Second, we must be careful that we do not take advantage of God's mercy by continuing in sin. If a man "grows more careless, secure, negligent, not so constant in duty, not so watchful and strict in conversation, or abateth aught of his humiliation for sin", he takes advantage of God's mercy.[Footnote #11] Paul implies that those who do such things are not truly born again: "What shall we say then? Shall we go on sinning so that grace may increase? By no means! We died to sin; how can we live in it any longer?" (Rom. 6:1,2). Those who are born again into God's kingdom have "died to sin"; they hate sin and, though they may fall from time to time, they do not willingly continue in sin.
Third, we should respond to God's mercy by always acknowledging it and ever giving thanks for it. No day should go by that we neglect to thank God for His mercy, for mercy is the "rise and cause of all the good we have from God."[Footnote #12] Any blessing that we have,whether it be a job, home or family; any joy that we sustain; each breath that we take is a result of God's mercy. We owe our lives to His mercy. Where would we be without it?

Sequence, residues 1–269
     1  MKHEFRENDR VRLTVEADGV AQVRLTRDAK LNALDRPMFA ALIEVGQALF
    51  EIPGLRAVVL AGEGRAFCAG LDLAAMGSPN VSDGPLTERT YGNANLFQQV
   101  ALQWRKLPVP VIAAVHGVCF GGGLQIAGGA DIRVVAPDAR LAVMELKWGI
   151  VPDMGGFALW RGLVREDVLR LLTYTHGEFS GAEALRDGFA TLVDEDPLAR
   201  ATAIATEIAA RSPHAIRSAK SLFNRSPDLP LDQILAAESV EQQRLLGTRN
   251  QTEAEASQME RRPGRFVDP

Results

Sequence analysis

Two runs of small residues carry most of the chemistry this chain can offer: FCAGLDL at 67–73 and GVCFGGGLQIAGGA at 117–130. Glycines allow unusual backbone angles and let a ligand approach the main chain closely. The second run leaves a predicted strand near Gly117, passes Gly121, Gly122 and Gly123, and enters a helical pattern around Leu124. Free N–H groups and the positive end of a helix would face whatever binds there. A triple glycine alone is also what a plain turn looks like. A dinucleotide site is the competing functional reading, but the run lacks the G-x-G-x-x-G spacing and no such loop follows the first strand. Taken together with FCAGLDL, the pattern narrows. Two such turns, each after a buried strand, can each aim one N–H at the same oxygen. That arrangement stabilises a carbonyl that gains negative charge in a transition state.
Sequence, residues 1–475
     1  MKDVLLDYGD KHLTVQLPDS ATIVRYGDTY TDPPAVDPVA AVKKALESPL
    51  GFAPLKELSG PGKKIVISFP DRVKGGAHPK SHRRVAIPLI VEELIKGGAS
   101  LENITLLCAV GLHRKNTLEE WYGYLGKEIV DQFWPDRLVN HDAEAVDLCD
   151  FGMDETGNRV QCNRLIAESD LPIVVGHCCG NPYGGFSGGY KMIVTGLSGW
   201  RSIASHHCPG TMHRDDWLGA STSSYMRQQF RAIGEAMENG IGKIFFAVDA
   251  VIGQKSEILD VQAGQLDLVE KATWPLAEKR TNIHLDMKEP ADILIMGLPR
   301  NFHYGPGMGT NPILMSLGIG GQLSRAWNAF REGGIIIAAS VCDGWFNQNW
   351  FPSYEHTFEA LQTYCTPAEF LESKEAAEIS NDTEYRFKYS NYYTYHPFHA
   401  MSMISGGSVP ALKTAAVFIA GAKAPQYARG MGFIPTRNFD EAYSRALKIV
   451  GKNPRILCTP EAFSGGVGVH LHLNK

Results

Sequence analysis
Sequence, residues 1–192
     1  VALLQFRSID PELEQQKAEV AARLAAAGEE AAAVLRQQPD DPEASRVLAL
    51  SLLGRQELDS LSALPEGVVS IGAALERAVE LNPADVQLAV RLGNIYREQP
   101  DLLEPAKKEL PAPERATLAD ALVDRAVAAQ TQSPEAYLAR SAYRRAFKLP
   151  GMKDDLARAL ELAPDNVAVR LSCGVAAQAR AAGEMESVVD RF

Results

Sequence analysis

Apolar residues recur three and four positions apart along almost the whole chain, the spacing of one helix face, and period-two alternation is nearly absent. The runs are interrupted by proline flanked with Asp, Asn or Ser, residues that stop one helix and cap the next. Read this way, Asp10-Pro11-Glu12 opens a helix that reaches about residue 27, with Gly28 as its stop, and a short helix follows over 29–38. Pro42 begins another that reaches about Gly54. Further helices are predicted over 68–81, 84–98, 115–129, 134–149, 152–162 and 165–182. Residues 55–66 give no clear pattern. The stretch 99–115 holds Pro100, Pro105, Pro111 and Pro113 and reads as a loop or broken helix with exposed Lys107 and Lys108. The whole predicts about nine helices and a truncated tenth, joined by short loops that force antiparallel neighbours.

Fourth, we should respond to God's mercy by communing with Him through prayer. "Let us then approach the throne of grace with confidence so that we may receive mercy and find grace to help us in our time of need" (Heb. 4:16). God desires that we depend on His mercy; He encourages us to come to Him in our times of need through prayer. He gave His Son to clear the way for us to "approach the throne of grace with confidence." Moreover, He desires to relate to us even when we are not experiencing times of need. This is why He went to such great lengths to show us His mercy.
So, Father, we take this time right now to praise You and thank You for Your great mercy. Oh, the blessings of having a God that truly cares for us and shows it by His mercy! Always, by Your Spirit, give us an awareness of Your mercy, so that we come to You in our times of need and commune with You in our times of joy. In the name of Jesus, through whom You demonstrated Your great mercy, we pray these things, Amen.
9. I am endebted for much of the material in this article to Thomas Manton's discourse concerning God's mercy in his book A Commentary on Jude on pages 59-67, originally published in 1658.
10. Manton, A Commentary on Jude, pg. 66.
11. Ibid., pg. 67.
12. Ibid., pg. 56.